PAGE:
Study: Facebook can actually make us more narrow-minded
Facebook may actually make us more narrow-minded because we seek out news and views that tally with our opinions, according to a new study which contradicts the belief that the social media sites expand our world.
The study shows social media isolates us, creating and facilitating confirmation biases and echo chambers where old - and sometimes erroneous - information is just regurgitated over and over again.
Using data modelling researchers, including those from Boston University in the US, mapped the spread of two types of content: conspiracy theories and scientific information.
"Our findings show that users mostly tend to select and share content related to a specific narrative and to ignore the rest.
"In particular, we show that social homogeneity is the primary driver of content diffusion, and one frequent result is the formation of homogeneous, polarised clusters," researchers said.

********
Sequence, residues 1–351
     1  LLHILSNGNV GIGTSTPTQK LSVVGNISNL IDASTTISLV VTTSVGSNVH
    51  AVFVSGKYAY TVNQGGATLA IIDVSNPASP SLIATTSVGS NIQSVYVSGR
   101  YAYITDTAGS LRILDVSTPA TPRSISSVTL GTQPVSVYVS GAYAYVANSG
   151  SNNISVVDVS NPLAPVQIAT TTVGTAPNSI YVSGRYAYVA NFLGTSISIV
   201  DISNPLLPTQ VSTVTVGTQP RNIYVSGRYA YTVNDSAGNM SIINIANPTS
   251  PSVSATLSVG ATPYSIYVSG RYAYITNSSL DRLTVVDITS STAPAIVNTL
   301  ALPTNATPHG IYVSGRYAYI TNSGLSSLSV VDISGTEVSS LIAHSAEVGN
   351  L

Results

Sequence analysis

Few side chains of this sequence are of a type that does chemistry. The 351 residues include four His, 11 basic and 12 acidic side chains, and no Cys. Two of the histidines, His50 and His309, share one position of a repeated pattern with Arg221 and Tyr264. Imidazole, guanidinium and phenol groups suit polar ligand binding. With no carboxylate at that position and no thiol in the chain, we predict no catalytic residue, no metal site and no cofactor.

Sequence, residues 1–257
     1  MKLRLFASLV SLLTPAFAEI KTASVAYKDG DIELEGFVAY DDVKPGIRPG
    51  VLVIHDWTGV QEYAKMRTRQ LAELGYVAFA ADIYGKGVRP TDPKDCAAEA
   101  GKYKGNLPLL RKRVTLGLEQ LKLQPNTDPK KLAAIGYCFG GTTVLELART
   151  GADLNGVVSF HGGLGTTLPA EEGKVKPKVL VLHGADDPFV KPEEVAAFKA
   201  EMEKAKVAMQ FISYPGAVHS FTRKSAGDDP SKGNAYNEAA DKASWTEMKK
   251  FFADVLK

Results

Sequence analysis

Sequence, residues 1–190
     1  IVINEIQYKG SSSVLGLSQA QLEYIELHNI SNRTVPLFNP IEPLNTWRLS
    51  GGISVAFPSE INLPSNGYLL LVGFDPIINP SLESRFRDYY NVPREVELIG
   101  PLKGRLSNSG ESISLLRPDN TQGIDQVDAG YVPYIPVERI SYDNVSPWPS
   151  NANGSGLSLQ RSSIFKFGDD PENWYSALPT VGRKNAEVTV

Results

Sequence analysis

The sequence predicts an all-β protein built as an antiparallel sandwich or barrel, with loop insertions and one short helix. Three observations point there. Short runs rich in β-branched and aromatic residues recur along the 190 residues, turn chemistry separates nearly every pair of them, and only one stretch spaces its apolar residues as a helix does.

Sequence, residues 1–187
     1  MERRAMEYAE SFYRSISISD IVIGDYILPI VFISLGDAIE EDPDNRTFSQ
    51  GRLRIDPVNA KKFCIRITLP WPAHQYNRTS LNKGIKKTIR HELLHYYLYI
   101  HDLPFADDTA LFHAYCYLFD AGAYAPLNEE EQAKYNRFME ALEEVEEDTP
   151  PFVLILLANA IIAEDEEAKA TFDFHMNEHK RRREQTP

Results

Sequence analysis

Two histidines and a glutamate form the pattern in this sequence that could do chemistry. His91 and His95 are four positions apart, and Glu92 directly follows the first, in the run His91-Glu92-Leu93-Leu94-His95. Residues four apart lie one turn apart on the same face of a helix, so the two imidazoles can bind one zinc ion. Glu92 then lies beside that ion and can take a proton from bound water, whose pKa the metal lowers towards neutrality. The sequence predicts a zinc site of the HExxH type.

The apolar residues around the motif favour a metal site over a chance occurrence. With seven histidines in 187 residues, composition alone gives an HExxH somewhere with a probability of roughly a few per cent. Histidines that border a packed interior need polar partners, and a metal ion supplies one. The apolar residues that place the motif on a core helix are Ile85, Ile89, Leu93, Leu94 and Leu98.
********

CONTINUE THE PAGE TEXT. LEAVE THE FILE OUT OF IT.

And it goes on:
"Our analysis showed that two well-shaped, highly segregated, and mostly non-interacting communities exist around scientific and conspiracy-like topics," Alessandro Bessi, a postdoctoral researcher at the University of Southern California, said.
"Users show a tendency to search for, interpret, and recall information that confirm their pre-existing beliefs," he said.
This is called "confirmation bias," and Bessi said it is actually one of the main motivations for sharing content, CNN reported.
Instead of sharing to challenge or inform, social media users are more likely to share an idea already commonly accepted in their social groups for the purpose of reinforcement or agreement.
The findings were published in the journal PNAS.